5 Reasons Why Your Child Should Learn Chess

Reasons why your child should learn chess

Have you ever played chess?

Ask anyone this question and the answers would vary from nervous smiles, shoulder shrugs, to chuckles or even remarks like “yes, but all I remember is how each piece moves!”

What we fail to realize when making these notions is that the reason why we don’t remember our multiple trysts with this game is that more often than not, Chess seemed so real life when we played it that it doesn’t feel like a game at all. For many chess lovers, chess is all about learning how their mind works, an insider view of so many personal attributes.

Summer is over, and its time to go back to school.

Whether it is online schooling or the normal routine, both parents and children are busy planning, organizing, and figuring out the minor details of the new academic session. While you are matching schedules and reorganizing routines on your calendars, we have something important to share with you about what matters.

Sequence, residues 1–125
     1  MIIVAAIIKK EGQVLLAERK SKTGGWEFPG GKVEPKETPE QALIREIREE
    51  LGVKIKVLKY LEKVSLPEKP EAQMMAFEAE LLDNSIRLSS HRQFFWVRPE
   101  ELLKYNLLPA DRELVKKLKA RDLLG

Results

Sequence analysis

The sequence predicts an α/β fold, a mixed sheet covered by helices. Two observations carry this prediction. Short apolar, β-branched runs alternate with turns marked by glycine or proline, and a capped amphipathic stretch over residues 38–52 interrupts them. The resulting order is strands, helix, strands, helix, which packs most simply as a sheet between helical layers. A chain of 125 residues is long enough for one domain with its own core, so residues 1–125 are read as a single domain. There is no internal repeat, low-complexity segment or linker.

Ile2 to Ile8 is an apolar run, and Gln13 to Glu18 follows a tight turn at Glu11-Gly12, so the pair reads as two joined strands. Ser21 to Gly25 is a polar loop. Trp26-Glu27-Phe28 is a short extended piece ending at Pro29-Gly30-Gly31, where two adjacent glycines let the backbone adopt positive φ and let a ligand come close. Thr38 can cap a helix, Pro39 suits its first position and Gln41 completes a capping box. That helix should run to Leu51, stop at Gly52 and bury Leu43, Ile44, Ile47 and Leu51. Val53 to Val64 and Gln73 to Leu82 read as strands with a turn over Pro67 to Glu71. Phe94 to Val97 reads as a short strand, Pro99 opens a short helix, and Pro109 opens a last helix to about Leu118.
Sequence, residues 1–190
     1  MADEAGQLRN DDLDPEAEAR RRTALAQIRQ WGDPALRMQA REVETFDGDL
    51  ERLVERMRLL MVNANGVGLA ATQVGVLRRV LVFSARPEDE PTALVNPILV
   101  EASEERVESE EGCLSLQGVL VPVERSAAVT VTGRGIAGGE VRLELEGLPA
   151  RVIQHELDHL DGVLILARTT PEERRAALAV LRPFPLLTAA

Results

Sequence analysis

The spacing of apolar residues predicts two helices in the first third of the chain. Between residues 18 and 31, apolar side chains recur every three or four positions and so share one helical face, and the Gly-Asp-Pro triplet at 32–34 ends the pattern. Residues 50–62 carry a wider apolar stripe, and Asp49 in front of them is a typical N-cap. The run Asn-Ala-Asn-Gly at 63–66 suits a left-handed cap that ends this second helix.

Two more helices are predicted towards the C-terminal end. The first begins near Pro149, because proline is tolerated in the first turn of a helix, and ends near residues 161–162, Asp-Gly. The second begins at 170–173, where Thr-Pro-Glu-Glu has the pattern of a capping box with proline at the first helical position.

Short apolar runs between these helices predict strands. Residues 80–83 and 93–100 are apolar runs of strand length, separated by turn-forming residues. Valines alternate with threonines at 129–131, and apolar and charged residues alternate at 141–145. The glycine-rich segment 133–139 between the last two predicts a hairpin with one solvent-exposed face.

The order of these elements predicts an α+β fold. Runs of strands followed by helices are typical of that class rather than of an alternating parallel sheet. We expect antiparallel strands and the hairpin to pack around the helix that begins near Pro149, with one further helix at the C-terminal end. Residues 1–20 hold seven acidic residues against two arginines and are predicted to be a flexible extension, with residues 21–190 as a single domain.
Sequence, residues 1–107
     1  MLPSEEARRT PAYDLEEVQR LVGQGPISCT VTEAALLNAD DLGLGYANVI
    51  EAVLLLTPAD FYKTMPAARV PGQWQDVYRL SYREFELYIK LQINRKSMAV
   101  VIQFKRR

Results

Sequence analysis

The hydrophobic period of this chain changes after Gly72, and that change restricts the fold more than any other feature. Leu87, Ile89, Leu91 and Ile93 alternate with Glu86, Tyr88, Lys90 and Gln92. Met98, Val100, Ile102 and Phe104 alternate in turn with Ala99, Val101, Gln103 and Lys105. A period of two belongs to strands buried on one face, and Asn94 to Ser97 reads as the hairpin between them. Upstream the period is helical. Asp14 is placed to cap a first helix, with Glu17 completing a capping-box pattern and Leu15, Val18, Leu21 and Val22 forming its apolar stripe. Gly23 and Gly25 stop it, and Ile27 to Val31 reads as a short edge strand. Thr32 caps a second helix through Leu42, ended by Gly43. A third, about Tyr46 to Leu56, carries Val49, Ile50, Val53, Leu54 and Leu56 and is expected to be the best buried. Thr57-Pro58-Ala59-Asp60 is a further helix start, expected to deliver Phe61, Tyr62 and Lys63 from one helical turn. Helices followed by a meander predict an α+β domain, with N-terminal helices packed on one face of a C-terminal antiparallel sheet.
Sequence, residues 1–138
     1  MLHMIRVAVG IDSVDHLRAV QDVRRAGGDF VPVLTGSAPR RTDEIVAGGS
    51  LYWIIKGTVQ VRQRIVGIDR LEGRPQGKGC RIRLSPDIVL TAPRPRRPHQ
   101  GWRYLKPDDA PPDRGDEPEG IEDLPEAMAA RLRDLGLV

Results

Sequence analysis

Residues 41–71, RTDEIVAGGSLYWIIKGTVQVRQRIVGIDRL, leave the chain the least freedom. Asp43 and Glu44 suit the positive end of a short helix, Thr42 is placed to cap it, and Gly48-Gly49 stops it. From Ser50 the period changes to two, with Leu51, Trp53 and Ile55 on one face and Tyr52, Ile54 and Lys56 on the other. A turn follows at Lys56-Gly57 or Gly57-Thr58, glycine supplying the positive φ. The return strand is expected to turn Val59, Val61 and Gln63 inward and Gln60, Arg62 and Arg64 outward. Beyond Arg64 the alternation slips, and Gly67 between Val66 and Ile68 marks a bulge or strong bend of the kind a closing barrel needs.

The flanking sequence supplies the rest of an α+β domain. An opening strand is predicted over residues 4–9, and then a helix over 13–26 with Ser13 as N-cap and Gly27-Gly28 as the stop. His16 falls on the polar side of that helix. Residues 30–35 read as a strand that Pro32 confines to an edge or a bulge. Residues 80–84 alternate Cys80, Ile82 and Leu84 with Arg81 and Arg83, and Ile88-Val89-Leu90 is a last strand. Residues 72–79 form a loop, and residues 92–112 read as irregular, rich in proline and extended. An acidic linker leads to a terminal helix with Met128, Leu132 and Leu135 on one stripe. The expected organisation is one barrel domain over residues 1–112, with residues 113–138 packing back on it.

Your child’s overall development.

Amidst all that has happened in the year 2020 so far, the importance and relevance of learning life skills and certain soft skills that we explain in detail later in this piece are at its peak. More and more people who are joining the Chess KLUB community reveal that chess is not just as another boardgame to kill boredom, but also a tool for understanding for something deeper and more meaningful about oneself.

Want to know more?

Read on:

There is no right or wrong age of playing chess.

At Chess KLUB we have players ranging from the age of 5 to 85 years, and I dare say it with utmost pride, each of them brings their own set of expertise, which is not at all related to their age or experience levels in the outside world. As a parent, most of us want the best for our children, and finding the right balance between what they should be investing their time in and what they ought to be doing, is a constant juggle.

But there are some valid, proven, and even scientific reasons why your child should aim for learning, and more importantly, enjoying a game of Chess early on in their lives.

Especially in the life and times of social distancing, chess could be our solution of keeping our children hooked to each other, and help them look beyond reclusive video games and self -centered online learning that is neither collaborative nor engaging with peers on a personal level.

5 reasons why your child should learn chess

I. Chess develops early cognitive abilities